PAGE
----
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When launched in July this year we’d already completed several rounds of user research. The design of the site and the layout of the homepage had changed a lot since we launched the first beta version the previous year.

How users are getting to our homepage

After several months, we started to see some interesting patterns in our website analytics. A lot of people were searching Google using terms like:

Most users start their visit to elsewhere on the site, but many will view the homepage as part of their visit. In a typical 2-week period we get 20,000 page views for the homepage in total, and more than 5,000 of these visits start on the homepage. You can see other stats for on our analytics page.

For users that do start on the homepage:

  • 85% of visitors are “new” — but users can have more than 1 device, use different browsers, or they might clear tracking cookies off their machines — so this isn’t an accurate measure.
  • On average, users looked at 3 or 4 pages of content.
  • 6 out of 10 visits would lead to users exploring the site; 4 in 10 visits though resulted in a “bounce” off the homepage. A bounce means users would only look at that page and then leave the site without any further interactions.

Are we meeting user needs?

From this data it looks like there’s a group of users we’re not helping. Are they looking for announcements published by the Government of the day (eg content)? Are they looking for information about government services and not seeing what they want?

Although we’ve had a wide range of feedback on the site design, we wanted to get a better understanding of users’ needs when visiting the site. We decided to run some A/B tests. To be specific, it was an A/B/C/D/E test. We left the original homepage in place, but randomly showed users 4 other homepage variations with different blocks of homepage content and images. By mixing up different combinations of a few changes we could test whether the position of content, or the content itself was factor in reducing the homepage bounce rate.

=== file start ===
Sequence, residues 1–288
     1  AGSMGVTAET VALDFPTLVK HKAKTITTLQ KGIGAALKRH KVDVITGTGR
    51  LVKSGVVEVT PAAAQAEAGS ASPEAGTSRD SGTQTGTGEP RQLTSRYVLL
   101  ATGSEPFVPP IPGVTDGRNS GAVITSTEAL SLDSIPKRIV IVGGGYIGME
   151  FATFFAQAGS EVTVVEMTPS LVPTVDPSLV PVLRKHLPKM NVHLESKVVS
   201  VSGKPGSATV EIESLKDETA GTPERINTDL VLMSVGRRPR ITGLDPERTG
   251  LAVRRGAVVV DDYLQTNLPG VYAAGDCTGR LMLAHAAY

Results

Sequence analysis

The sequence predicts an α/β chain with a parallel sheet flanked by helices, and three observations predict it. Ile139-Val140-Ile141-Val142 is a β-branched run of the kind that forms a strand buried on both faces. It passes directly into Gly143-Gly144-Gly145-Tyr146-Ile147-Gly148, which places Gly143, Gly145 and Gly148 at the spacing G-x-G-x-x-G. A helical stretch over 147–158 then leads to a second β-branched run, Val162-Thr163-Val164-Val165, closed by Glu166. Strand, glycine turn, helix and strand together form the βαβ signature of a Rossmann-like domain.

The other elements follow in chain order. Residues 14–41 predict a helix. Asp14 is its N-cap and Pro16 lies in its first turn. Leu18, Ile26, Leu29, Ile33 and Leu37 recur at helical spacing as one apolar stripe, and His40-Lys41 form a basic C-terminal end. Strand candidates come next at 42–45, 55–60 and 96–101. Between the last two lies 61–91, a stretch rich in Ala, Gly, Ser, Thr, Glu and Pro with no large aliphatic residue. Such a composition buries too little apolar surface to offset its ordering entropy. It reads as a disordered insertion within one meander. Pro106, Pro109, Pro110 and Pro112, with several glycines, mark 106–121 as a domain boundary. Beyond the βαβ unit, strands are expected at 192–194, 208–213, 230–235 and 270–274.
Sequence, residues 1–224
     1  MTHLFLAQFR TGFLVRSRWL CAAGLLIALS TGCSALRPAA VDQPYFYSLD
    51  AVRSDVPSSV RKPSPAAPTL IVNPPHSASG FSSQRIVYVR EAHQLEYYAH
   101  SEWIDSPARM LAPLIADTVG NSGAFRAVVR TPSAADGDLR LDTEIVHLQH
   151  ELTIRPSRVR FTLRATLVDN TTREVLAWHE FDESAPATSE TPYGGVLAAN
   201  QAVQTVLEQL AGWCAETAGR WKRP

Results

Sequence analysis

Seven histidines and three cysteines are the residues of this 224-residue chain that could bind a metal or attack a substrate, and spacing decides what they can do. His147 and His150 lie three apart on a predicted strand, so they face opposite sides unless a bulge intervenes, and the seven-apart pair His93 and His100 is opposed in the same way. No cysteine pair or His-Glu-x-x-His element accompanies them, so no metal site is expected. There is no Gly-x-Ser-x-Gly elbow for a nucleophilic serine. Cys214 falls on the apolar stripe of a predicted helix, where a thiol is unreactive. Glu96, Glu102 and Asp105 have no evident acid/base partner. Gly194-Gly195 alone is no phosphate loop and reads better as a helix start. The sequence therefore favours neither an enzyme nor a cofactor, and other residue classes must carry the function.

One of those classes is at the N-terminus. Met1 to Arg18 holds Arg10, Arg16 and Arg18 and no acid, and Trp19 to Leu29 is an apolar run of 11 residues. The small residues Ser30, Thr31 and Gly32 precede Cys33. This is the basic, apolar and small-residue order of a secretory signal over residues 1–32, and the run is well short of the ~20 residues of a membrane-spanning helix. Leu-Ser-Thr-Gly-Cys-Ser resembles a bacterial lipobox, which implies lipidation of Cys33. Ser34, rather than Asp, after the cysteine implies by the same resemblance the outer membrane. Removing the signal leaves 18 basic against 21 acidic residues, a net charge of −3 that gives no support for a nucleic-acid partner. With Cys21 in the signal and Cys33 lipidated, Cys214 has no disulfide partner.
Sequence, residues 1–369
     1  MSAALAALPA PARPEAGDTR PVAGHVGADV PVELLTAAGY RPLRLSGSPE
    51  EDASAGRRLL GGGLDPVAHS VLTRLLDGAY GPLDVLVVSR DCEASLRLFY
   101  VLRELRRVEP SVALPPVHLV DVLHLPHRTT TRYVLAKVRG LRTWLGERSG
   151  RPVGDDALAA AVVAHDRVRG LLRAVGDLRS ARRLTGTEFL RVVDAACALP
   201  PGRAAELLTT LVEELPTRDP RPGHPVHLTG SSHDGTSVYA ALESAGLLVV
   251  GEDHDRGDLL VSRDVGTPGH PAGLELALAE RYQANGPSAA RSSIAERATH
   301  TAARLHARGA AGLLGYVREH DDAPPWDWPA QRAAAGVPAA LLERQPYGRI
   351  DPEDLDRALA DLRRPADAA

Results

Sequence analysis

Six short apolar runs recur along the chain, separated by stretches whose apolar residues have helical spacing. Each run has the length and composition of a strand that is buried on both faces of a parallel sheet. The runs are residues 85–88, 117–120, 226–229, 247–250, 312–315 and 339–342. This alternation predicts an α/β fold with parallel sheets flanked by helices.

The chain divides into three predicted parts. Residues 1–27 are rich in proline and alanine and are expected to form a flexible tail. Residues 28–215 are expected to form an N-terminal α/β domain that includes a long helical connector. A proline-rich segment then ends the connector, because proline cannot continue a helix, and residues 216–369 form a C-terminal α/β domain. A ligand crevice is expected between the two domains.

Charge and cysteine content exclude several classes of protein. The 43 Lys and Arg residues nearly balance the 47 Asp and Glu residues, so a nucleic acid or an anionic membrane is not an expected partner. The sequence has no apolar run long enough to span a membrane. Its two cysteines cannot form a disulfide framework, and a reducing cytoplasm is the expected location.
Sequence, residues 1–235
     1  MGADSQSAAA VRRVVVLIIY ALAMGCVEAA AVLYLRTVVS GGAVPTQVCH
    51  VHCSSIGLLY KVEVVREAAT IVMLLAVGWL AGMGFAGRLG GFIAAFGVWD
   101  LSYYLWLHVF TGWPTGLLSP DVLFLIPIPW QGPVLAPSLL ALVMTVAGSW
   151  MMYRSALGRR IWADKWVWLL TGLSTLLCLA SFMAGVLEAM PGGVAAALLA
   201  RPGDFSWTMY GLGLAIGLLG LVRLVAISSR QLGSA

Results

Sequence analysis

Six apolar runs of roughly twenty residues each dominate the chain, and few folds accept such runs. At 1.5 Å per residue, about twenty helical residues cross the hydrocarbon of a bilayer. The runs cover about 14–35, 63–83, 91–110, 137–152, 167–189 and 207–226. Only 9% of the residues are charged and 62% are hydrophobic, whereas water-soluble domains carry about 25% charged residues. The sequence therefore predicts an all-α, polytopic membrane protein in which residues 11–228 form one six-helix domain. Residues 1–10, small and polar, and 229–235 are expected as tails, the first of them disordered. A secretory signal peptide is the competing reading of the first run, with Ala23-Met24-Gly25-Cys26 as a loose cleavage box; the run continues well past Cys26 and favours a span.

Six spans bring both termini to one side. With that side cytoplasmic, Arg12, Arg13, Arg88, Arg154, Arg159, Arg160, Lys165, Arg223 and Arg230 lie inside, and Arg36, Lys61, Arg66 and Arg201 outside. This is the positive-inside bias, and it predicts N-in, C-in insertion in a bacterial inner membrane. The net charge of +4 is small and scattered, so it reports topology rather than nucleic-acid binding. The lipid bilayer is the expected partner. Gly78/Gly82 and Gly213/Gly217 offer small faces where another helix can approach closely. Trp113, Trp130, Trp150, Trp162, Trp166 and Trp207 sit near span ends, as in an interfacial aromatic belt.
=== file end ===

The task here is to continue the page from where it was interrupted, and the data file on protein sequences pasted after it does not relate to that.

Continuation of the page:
The original and 4 variations of the homepage, the layout and content varying slightly with each version

During A/B testing of the homepage we used the following versions:

  • Version A — the original homepage with a decorative image on the top right of the page, and links to the main categories on the site in 3 columns for desktop users
  • Version B — promo stories on the right-side of the page, and a promo story that featured an image of the Beehive (the New Zealand Parliament buildings)
  • Version C — similar to version B, but the promo story that featured the Beehive image was put lower on the page
  • Version D — promo stories on the left-side of the page, and like Version B, the Beehive promo story featured at the top of the list
  • Version E — similar to Version C, promo stories on the left side of the page, but with promo stories in a different order

Version B was the most successful variation of the 4 designs tested.

If you’ve visited the homepage in the last few weeks you may have seen one of these variations. A big thanks from us because you’ve helped us get a better understanding of how people interact with our content. You’re also not alone: the experiment ran more than 16,500 times.

The tools uses Google Analytics (GA) to track what users do on the site. GA includes content experiment tools that are pretty easy to set up:

  1. Decide on what design variation you want to test and what your measure of success will be – we wanted to find out which version would give us the biggest improvement in the homepage bounce rate.
  2. Create your pages, each variation needs to have its own unique URL.
  3. Load all this information into the content experiment tool, Google will give you an “experiment key”.
  4. Get the tracking code installed on the original version of the page you want to do the experiment on.
  5. Activate the experiment in Google Analytics — you should start to see early results within 24 hours.

We use a common analytics tracking code across all our environments. Inside Google Analytics we use a single account, a single property and then different profiles (views) to filter out traffic for each environment into separate reports. This meant we could test both the new versions of the pages, and the updated tracking code before putting it on to the live site.

Interpreting the data

You need to make sure you let the experiment run for long enough to see if there are any patterns.

Collect data for a few weeks

I’m glad we ran the test over 4 weeks, because during the test:

  • the results for each design changed on a daily basis
  • the early results looked promising, but over time the differences between the variations became smaller and smaller
  • we could see if there were any differences in user behaviour during the week, or at weekends, during business hours, or visits happening when people were sitting on the couch at home after dinner.

Data, data and MORE DATA!